4. Limit Exposure to EMFs, WiFi & Electronic Devices
The waves generated from your wireless router are disruptive to health and sleep. While it may be unavoidable during the day, you certainly don’t need WiFi while you sleep. Minimizing your exposure when you can is essential for better sleep, and for lowering your risk of diseases that are increasingly being linked to EMF exposure. Your phone also receives and emits signals while it is on, so make sure to turn it off or at the very least, put it on Airplane Mode while you sleep.
5. Optimize Your Bedroom Conditions
Sleeping in complete darkness makes a world of difference when it comes to sleep quality. I highly recommend purchasing good black-out curtains for your bedroom to maximize your body’s melatonin production. Any light—even the moon shining through your window or a faint light from a neighbor’s house—can disrupt your melatonin production. For any small electronic light sources in your bedroom (such as a space heater or AC), cover the light with thick matte tape.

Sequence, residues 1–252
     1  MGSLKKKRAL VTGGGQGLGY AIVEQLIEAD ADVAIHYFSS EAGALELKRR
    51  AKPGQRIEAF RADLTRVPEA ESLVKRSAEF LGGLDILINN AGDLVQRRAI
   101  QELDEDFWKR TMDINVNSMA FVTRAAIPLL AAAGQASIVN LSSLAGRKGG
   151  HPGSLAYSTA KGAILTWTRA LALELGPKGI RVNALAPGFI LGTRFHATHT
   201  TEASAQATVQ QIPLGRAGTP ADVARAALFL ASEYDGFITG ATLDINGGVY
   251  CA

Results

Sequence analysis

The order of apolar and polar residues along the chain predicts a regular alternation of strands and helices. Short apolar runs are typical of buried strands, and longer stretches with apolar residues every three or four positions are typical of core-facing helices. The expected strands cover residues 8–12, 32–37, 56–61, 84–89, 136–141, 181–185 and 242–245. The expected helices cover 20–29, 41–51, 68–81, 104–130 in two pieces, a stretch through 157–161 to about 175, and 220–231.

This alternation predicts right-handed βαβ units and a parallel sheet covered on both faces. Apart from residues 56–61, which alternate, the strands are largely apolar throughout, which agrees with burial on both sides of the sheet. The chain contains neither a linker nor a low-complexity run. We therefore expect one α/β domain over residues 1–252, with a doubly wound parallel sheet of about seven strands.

Keeping your room cool at night also has a positive effect on sleep quality. When your bedroom is above 70 degrees Fahrenheit, you are less likely to fall into the deeper stages of sleep. For most people, the perfect temperature for a great night of sleep is 68 degrees Fahrenheit.
All of the above measures are great first steps to a healthier, more optimized circadian rhythm. Other steps that we can take include working out earlier in the day, rather than later. If you do exercise in the afternoon, make sure to schedule it at least 3 hours before your bedtime. It is also recommended to save your carbs for the end of the day, and eat most of your fats (especially saturated fats) around mid-day. To promote extra relaxation at night, I recommend purchasing an essential oil diffuser and buying a dedicated sleep or relaxation blend.
Joe has been a wellness and performance coach for over 15 years. His teachings focus on engraining profound mindset shifts, giving individuals the courage and the tools to align their actions with their objectives throughout daily life.